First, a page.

- Development & Aid
- Economy & Trade
- Human Rights
- Global Governance
- Civil Society
Thursday, January 29, 2015
- With only a few days to go before the start of the United Nations Conference on Sustainable Development in Rio de Janeiro, there are disturbing signs that developed countries are attempting to backtrack from the commitments they made at the original Earth Summit of 1992 to assist the developing countries to move towards the path of sustainable development.
There are also fears that the conference, dubbed Rio plus 20, may not fully reaffirm the political commitments made twenty years ago.
Some progress on the summit’s declaration was made during the final preparatory meeting for the Conference that ended on Jun. 2 in New York City. But only 70 paragraphs out of a total of 329 have been agreed on, leaving negotiators with the daunting task of coming up with an agreed text by the time the political leaders meet on Jun. 20-23.
The Rio+20 summit is facing the same hurdles of a North-South divide that recently became evident at negotiations in the World Trade Organisation, the Climate Change Convention and the U.N. Conference on Trade and Development.
Differences are evident in the three new issues being addressed by the Conference the concept of the green economy, how to define sustainable development goals, and what new institutional framework to create to house future activities on sustainable development.
But more worrying is the attempt by developed countries to dilute the principles agreed to in Rio 20 years ago, and to backtrack on pledges to assist developing countries.
Thus the North-South divide does not only affect specific issues but also fundamental principles underlying international cooperation, particularly the principle of common but differentiated responsibilities (CBDR), and commitments on technology transfer and finance.
The CBDR was one of the Rio Principles adopted in 1992. It was agreed that all countries have a common responsibility to protect the environment, but also differentiated responsibilities because the rich countries should shoulder the lion’s share of environmental action, due to their greater contribution to the ecological crisis and their greater economic resources.
This basic principle, which the developing countries consider the most critical, is under attack. In the recent negotiations, the United States has made it clear it cannot accept references to CBDR. Almost all developed countries argue that no single Rio principle should be singled out and a general reference to the set of Rio principles should suffice.
This is a cause of great concern to developing countries, grouped in the G77 and China. For them, the clear reaffirmation of the CBDR principle in particular and the Rio principles in general is politically crucial. Otherwise Rio+20 would be retreating from the goals of the original Earth Summit.
Also of grave concern is the fact that developed countries are back-tracking on their commitment to transfer technology to developing countries.
In the section on technology transfer in the draft declaration, the U.S., European Union, Canada and Australia do not even want any reference to technology transfer in the title.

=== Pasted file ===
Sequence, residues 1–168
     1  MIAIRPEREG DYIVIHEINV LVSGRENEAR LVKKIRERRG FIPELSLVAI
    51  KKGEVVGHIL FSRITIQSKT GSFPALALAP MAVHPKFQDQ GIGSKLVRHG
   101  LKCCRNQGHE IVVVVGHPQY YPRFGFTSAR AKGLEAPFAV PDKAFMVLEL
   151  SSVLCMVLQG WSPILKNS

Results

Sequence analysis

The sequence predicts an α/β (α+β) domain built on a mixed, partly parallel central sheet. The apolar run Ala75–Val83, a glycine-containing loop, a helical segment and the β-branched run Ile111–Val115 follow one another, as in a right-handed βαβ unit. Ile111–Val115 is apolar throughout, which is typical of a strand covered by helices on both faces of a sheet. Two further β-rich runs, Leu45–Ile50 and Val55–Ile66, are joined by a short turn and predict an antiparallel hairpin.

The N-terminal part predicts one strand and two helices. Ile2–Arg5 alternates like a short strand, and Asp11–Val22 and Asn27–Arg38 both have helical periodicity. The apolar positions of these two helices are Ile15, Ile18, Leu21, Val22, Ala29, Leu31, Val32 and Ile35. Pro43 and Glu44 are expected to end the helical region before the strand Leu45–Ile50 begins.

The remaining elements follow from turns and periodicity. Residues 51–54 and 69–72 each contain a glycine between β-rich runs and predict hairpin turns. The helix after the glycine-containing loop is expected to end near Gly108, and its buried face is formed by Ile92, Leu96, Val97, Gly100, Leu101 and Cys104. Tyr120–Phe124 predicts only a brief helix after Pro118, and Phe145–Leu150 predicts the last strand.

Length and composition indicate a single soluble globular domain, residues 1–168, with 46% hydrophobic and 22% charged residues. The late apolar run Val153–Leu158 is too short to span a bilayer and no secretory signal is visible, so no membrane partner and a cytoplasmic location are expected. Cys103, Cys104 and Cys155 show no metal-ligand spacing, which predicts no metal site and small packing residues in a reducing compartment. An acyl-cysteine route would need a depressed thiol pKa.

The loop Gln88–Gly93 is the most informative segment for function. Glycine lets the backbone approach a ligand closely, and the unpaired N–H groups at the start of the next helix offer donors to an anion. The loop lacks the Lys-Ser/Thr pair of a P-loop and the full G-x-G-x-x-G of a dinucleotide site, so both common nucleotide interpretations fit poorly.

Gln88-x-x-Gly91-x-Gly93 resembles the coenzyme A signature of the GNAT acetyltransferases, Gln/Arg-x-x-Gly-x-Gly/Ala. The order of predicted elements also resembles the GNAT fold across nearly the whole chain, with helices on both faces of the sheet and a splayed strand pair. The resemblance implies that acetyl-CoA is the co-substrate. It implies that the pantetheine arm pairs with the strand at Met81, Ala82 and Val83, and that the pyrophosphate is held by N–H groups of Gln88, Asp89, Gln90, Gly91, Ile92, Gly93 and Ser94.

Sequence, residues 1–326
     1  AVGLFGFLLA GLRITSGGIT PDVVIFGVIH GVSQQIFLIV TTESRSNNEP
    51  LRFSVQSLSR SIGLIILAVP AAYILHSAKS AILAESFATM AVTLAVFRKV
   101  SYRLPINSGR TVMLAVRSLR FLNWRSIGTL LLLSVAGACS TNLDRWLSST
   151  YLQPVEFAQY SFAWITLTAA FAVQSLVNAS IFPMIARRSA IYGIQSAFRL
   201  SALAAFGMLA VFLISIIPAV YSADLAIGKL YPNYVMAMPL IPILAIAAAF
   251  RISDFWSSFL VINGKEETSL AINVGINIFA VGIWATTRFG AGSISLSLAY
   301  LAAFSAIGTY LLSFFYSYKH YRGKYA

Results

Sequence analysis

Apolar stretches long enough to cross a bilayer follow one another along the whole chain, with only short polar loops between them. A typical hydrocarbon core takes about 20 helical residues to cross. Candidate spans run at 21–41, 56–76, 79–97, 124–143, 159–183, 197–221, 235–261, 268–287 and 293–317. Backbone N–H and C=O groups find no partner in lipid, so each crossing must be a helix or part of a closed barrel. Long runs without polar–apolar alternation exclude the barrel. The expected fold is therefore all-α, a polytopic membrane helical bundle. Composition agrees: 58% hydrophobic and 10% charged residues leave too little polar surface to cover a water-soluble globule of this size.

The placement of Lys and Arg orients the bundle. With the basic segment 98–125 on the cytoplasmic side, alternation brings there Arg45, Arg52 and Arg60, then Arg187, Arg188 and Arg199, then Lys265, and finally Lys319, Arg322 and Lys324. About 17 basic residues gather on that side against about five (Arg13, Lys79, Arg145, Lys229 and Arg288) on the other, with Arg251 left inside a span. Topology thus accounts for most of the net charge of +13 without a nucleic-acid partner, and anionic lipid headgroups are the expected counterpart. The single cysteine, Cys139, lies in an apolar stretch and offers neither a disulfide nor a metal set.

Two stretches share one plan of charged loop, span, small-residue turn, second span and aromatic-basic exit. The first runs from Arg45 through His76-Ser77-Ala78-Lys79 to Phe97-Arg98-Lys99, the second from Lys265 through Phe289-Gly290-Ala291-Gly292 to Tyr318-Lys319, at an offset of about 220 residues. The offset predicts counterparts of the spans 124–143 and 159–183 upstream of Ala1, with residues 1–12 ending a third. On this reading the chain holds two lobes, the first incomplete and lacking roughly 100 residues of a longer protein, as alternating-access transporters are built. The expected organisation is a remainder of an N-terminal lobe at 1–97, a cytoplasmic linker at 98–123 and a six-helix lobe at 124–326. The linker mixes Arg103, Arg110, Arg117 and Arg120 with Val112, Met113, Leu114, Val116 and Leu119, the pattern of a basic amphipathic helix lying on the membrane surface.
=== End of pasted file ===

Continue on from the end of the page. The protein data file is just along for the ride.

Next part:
The current title in the draft reads: ‘technology development and transfer’. The U.S., the EU, Canada and Australia want to delete the word transfer’ and instead re-name the section technology development, innovation, science and research’.
Wherever the words ‘technology transfer’ appear, there is an attempt to change it to voluntary transfer on mutually agreed terms and conditions.
This is backtracking from the previous commitment by developed countries in the 1992 Rio Summit, the 2002 Johannesburg Summit and others to transfer technology on concessional and preferential terms, or on fair and most favourable terms.
The major developed countries also want to delete entire paragraphs that call for a balanced treatment of intellectual property rights. For example, the Co-Chairs proposed that the impact of patents on developing countries’ access to technology be examined, but almost every developed country rejected this effort.
On the issue of finance, developed countries are resisting renewal of the traditional commitment to providing new and additional funds.
The draft also urges developed countries to make additional concrete efforts towards the target of allocating 0.7 percent of their gross national product (GNP) to development aid, which had been in the original Rio action plan. But Canada and the U.S. want to delete this, claiming they never agreed to this target.
The G77 and China proposed that developed countries provide new funds exceeding 30 billion dollars a year from 2013-17 and 100 billion dollars a year from 2018 onwards, and to set up a sustainable development fund. But most developed countries objected to the mention of figures and the fund.
Many developing-country officials are worried their countries are being asked to take on more obligations, without corresponding new commitments to support them.
As negotiations resume in Rio on Jun. 13, it is hoped that there will be a change of heart by the developed countries on these issues. That is needed to enable rapid progress on other issues, and ensure a successful outcome for Rio+20. (END/COPYRIGHT IPS)
* Martin Khor is the executive director of the South Centre, an inter-governmental organisation of developing countries based in Geneva.